1979 was the year my dad chartered a bus and invited a bunch of people to go see the total solar eclipse in Yakima, Washington. We boarded the bus near midnight. It looked like a scene from Invasion of the Body Snatchers, the with Donald Sutherland, which came out the previous year. I didn’t sleep. We arrived at about six o’clock. I brought a shoebox with a pinhole in it to view the eclipse. But as soon as it began to occur and the earth went from blue sky morning back to night and waves of darkness undulated over the grassy knoll and dogs and birds all went silent and I heard oohs and aahs from people I turned around and saw the blackest hole I’d ever seen with little scintillating golden beads around the rim.
I stop during my afternoon run to talk to a neighbor, a guy about my own age, about the horrors and weirdness of everything. He has the same sense of dread and derealization as R and I, a mega-maniacal North Korean dictator with a weird haircut throwing missiles into the ocean and threatening war and holocaust, a broken Federal government, a president with the intellect and behavior of a five-year old, ethics completely missing from all levels of culture, but especially healthcare, doctors have become crooks, the weird sudden scarcity of birds, R says the morning used to ring with the chatter of birds but lately there’s been nothing, few insects, dead bees littering the sidewalks, it’s spooky. I get going, my friend goes back to packing his car for a trip to Salt Lake City, which reminds of a trip R and I made to Boulder, Colorado in 1995, listening almost exclusively to the Cocteau Twins there and back, Allen Ginsberg giving an impromptu talk in a big white tent on the Naropa campus, discoursing brilliantly and vigorously on William Blake and Urizen, the idea that the hyper-rational mindset of the technocratic juggernaut that emerged from the Enlightenment and Industrial Revolution had become destructive, so solidified that it didn’t allow for any feeling or generosity of imaginative space, all during a raging lightning storm that slapped up against the Rockies, I worried about lightning running through the microphone cords and lighting Ginsberg into a ball of St. Elmo’s fire. That same week the New Yorker magazine had Ginsberg on the cover, holding a pen to a lightning bolt.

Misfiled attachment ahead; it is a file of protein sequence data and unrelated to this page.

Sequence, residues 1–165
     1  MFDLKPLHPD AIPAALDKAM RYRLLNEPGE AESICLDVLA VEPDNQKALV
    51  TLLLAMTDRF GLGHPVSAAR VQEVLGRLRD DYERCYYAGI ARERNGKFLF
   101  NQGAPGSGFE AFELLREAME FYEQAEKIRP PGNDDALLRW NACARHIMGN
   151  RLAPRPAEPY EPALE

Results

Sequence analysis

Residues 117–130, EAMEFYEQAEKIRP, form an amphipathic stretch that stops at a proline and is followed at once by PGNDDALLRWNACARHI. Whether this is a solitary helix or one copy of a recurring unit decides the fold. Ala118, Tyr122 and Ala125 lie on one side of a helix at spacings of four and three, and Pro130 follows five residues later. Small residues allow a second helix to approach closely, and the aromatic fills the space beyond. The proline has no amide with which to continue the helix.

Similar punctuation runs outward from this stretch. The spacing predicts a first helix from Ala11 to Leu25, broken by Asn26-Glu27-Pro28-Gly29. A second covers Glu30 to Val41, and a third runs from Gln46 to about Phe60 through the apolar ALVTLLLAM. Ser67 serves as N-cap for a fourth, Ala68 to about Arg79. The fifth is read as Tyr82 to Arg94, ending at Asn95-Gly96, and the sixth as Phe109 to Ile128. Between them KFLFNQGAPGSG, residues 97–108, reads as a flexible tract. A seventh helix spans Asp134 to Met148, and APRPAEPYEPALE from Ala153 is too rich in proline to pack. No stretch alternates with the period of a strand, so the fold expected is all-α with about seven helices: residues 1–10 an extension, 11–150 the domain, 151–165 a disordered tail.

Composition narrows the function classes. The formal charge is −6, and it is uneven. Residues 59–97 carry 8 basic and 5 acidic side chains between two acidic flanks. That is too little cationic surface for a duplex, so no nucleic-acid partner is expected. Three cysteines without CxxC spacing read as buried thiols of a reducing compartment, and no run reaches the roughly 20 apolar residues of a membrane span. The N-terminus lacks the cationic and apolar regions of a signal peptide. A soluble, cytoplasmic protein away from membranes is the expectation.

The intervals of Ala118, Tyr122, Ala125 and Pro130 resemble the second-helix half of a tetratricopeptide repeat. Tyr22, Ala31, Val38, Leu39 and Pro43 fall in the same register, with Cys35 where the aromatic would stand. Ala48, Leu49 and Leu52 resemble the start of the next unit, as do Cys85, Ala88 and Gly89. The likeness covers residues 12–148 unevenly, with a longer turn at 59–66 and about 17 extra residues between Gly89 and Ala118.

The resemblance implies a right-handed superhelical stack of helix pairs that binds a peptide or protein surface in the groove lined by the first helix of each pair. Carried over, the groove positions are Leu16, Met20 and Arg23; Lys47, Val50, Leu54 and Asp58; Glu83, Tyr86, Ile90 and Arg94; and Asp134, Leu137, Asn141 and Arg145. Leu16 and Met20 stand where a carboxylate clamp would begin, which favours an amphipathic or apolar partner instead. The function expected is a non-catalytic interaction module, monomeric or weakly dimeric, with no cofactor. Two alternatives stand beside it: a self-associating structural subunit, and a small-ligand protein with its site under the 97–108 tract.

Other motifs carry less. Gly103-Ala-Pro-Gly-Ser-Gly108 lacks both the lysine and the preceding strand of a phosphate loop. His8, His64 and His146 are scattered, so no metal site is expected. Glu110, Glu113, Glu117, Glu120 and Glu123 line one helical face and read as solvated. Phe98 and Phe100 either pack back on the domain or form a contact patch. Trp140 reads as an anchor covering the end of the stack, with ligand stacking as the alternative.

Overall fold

1992. I’m ending a shift at the mailing service where I’ve been working for almost two decades, I have my hand on the doorknob, the radio is playing, I’m about to turn the knob and enter the soothing night air when I hear the opening chords to “Smells Like Teen Spirit” and stop dead in my tracks. Wow. What’s this I wonder. I pause at the door and give it a listen. It’s the first song I’ve heard in about 23 years that’s got me excited about music, that hasn’t sounded corporate or swaggering and steeped in the gym-sock stench of hypermasculinity. Hell of a song that guy wrote. Kurt Cobain. Took a lot of pain and made something beautiful out of it.
R was right. All the hotel rooms in the swath of the solar eclipse that will happen on August 21 at about 10:25 a.m. in western Oregon have been rented. Some hotels have canceled reservations so they can charge more money for the rooms, some as high $1,000 per night.
Shit. R tells me she told me about the eclipse a year ago. I don’t remember that. I must’ve been obsessing about something else at the time. Why didn’t it register? Fuck me. I must’ve had a total eclipse of the brain.
There’s another one in 2024. We can see it in Austin or San Antonio, Texas. Or Mexico. But will I still be alive? Will there still be a planet? Seven years is a long time. I can’t imagine a Texas seven years from now. I can’t imagine a United States seven years from now. An Alamo. An Arkansas. A Utah. A Trail of Tears. Bats. Armadillos. BBQ. Getting weird on 6th Street. Willie Nelson. Dixie Chicks. Big Bend. Marfa. Chicken shit bingo on Sunday night.